ASH got hold of the report early doors and came up with their own press release on Friday...
Tobacco industry “invisible hand” behind Adam Smith Institute ‘plain packs’ report
A report by the Adam Smith Institute published today in advance of a public consultation on tobacco packaging advances the views of the tobacco industry, namely that putting cigarettes in plain standardised packaging would have no public health benefit, would increase the illicit trade in tobacco and would set a “dangerous precedent” for other products.
All of these arguments misrepresent the truth and ignore the fact that glitzy packs are designed to attract new young smokers to replace the100,000 in the UK who are killed each year by their habit.
Firstly, there is now a large body of evidence to show that plain packaging will be effective. Experimental studies and surveys from around the world show that plain packs are less appealing, strengthen the impact of the health warnings, and make the packs less misleading.
Secondly, there is no evidence that plain packaging will lead to an increase in tobacco smuggling. Existing packs are already easily counterfeited. Plain packs will still have to have covert markings, tax stamps and health warnings that are required on current packs so they will be no easier to counterfeit. And the argument that it will “breach international trade rules and confiscate tobacco companies’ intellectual property” is also fallacious, according to the tobacco industry’s own legal advice, revealed in litigation.
Thirdly, the “domino theory” i.e. that once a measure has been applied to tobacco it will be applied to other products is patently false. The same argument was used against the ban on tobacco advertising, but 9 years after the tobacco ban in the UK, alcohol advertising is still permitted with no sign of it being prohibited. Tobacco is a uniquely dangerous consumer product which is why there is a WHO health treaty (the Framework Convention on Tobacco Control) to regulate tobacco use.
Deborah Arnott, Chief Executive of ASH commented:
“Why would the tobacco industry and its allies be so vehemently opposed to plain packaging if they weren’t so frightened that plain packaging would work? [Er, if you read the report, you'll find out—CJS] The Adam Smith Institute, by publishing this report, is acting as the mouthpiece for the tobacco industry, as it has done on many previous occasions. It should come as no great surprise that the Institute takes a pro-tobacco line but it should be more transparent about its association with Big Tobacco.”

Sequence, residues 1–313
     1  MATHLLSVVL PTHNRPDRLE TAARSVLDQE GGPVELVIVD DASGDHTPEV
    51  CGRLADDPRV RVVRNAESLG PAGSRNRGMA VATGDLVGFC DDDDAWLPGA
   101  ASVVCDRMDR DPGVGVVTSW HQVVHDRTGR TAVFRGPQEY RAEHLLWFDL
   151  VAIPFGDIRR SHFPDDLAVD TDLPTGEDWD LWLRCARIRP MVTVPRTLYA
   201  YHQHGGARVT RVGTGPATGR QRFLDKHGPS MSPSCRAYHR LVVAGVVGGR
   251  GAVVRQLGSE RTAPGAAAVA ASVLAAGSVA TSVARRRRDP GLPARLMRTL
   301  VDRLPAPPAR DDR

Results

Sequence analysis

The Adam Smith Institute has in turn responded to the 'Big Tobacco' allegation...
We commissioned this report ourselves because it reflects our free market, libertarian ideology. Indeed, the Adam Smith Institute does not do commissioned research.
However, there are a couple of tobacco companies that have corporate subscriptions at the Institute. The revenue from this – while welcome – is not terribly significant. It amounted to less than 3 percent of our 2011 income. Moreover, neither of these companies has played any role whatsoever in the production or editing of this report. We take our independence very seriously.
The British Medical Journal asked for a response from me so I sent them this. As they probably won't publish it, I'll post it here:
I'm pleased that Action on Smoking and Health (ASH) are familiar with Adam Smith's "invisible hand" concept despite their obvious contempt for free markets and free societies. As usual, they offer not a shred of evidence that plain packaging will deter people from smoking. Their claim that counterfeiters' lives will not be made easier by making cigarette packs look virtually identical is as credible as their belief that plain packaging will not inconvenience retailers.
ASH say that it is "patently false" to think that "once a measure has been applied to tobacco it will be applied to other products". Have they been living in a cave for the past five years? The British Medical Association is currently demanding that graphic warnings be placed on wine bottles. Where does ASH suppose they got that idea from? The BMA also wants - in their own words - "a complete ban on [alcohol] advertising as has been done very successfully with tobacco." Activists in Australia are already calling for junk food to be sold in plain packaging. Rather than denying these facts, ASH should be proud that they are blazing a trail for busybodies, cranks and authoritarians of all varieties.
Fun and games...